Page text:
Saturday, February 1, 2014

Angel Wing

In the mid 80's through the early 90's I made several visits to the slot canyons in the four comers region of the Southwest.  My first few trips into the slots were magical.  At the time only a handful of  people were visiting these locations and I had the place pretty much to myself.  I made a return trip about ten years later and was surprised that the canyons had turned into a major tourist attraction.  The first trip I made into the canyon, I had my thirteen year old son with me and we hitched a ride in the back of a pickup truck with a local Indian girl and her newborn.  I gave her a few dollars and she offered to return around 4 pm. to pick us up.
The most successful photographer to make photographs in the slot canyons is Bruce Barnbaum.  He is one of the first photographers to venture into the numerous slot canyons of the Southwest.  His work is spectacular and all of it done with a large format camera. Another great photographer that spent years photographing the Southwest was Eliot Porter.  His work with dye-transfer color is unmatched by any print process to date.  I made this image in Lower Antelope canyon in 1994 using a Linhof 4x5 view camera.  It is the last trip I made into the slots in that area. I continued to seek out new narrow canyon locations to photograph that were less visited.  Often times I would be hiking alone and venturing into these remote locations can be a risk.  I always tried to keep my enthusiasm in check as I start my early morning climb down into these canyons.  It is easy to lose track of the time and the distance hiked when in the canyons.  After a few fool hardy mistakes I developed a strategy of four hours hiked in equaled four hours back.  So in the winter months I would be making my return trip around 1 or 2 in the afternoon to be out before dark.  There is always the urge to see what is up and  around the next corner and to push it a little too far.  A few times I found myself struggling to find my exit out of the canyon in the dark.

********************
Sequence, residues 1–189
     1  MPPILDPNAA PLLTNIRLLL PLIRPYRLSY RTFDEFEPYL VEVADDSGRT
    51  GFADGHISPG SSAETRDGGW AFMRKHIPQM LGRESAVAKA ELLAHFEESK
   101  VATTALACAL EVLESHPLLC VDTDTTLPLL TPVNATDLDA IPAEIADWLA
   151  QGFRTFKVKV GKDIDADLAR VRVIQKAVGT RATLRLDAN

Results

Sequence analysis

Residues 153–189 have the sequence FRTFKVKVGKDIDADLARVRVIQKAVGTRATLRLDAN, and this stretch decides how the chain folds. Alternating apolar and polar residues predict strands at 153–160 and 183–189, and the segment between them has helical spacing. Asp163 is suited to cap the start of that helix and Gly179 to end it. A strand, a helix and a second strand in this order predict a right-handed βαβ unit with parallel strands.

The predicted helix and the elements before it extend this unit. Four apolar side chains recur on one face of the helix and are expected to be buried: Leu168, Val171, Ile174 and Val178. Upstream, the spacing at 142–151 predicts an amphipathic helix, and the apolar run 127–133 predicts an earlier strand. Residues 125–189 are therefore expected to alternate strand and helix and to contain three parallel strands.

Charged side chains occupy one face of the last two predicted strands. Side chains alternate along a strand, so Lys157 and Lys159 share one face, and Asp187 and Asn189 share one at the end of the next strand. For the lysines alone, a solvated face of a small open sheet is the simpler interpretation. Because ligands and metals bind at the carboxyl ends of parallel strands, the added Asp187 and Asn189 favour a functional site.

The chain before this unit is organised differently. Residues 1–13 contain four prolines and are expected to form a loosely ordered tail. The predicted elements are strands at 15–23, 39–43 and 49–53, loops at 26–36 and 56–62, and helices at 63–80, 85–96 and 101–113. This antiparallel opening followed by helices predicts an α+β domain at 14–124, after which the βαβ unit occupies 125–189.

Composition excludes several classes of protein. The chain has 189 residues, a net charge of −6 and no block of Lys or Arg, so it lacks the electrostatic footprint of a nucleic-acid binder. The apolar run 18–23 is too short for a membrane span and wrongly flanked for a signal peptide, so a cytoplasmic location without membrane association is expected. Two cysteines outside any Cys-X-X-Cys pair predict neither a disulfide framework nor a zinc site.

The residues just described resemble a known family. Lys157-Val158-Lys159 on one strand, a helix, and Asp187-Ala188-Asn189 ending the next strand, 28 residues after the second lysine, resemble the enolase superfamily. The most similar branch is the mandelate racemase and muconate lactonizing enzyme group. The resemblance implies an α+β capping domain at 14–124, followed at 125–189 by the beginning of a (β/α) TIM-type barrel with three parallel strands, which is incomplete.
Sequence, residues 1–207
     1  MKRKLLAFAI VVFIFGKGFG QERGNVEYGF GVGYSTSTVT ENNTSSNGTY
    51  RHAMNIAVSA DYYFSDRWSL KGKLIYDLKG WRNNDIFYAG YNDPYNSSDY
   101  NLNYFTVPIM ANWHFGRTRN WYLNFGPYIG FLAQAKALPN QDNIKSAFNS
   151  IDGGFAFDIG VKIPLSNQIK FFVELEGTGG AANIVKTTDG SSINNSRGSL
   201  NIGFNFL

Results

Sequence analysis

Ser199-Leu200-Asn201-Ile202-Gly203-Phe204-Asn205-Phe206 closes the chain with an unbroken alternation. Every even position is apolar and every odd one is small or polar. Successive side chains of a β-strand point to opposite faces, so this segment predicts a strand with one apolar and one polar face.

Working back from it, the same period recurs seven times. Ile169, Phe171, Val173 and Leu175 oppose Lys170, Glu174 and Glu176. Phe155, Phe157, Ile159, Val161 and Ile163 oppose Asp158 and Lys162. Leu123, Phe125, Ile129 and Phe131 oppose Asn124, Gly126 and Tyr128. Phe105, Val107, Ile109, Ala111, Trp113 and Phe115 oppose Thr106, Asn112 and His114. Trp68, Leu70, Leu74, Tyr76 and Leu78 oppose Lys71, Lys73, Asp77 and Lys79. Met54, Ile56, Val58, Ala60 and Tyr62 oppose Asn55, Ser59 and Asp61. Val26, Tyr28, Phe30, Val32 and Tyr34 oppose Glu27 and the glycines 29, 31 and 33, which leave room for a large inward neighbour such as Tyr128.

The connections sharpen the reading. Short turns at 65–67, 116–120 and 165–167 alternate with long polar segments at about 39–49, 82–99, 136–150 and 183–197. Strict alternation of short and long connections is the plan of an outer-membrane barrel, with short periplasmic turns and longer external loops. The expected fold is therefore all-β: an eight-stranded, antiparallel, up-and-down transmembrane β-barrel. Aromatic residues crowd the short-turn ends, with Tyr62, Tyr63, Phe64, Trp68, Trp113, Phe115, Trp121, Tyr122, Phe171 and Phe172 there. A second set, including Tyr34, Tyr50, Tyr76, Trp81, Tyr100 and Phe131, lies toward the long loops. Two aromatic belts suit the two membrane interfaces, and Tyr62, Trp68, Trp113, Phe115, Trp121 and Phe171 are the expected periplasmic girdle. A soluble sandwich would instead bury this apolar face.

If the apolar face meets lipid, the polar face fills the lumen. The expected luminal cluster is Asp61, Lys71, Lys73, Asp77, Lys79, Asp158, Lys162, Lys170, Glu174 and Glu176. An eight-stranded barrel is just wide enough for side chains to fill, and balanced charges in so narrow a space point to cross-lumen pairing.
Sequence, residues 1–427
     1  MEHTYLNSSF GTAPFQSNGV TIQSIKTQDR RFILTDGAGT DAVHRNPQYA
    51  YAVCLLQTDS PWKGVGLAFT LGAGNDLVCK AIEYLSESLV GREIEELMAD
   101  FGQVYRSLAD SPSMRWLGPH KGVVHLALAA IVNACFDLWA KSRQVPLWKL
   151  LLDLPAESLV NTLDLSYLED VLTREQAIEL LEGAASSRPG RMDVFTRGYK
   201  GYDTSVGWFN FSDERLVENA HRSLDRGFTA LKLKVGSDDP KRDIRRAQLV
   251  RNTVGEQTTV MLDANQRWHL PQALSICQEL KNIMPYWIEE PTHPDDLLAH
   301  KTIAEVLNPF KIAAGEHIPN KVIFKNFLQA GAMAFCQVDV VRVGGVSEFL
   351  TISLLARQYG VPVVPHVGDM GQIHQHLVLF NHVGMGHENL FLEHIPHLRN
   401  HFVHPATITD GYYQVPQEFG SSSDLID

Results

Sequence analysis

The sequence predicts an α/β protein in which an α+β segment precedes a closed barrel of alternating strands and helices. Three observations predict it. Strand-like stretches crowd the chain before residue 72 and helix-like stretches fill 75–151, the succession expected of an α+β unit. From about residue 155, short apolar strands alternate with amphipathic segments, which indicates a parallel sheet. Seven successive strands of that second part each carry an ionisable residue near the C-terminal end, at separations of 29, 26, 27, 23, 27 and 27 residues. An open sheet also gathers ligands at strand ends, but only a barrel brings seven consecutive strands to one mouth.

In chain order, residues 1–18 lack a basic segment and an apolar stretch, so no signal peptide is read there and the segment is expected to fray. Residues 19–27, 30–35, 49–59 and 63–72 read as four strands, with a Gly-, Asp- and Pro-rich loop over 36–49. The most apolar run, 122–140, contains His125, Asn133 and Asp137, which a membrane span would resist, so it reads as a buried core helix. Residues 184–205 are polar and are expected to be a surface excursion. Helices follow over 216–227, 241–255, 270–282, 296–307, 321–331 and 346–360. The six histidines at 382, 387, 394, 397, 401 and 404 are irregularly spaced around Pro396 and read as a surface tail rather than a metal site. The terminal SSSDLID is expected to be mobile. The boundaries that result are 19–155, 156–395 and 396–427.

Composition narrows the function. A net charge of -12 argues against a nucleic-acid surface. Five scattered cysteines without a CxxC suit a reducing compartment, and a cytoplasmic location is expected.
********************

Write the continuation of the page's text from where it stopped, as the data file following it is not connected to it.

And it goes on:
The Southwest of the U.S. is a remote area of intense beauty.  It is easy to overlook the danger that can exist when exploring this region.  It is important to have a "get back to safety" plan in place before heading into the rugged canyons.

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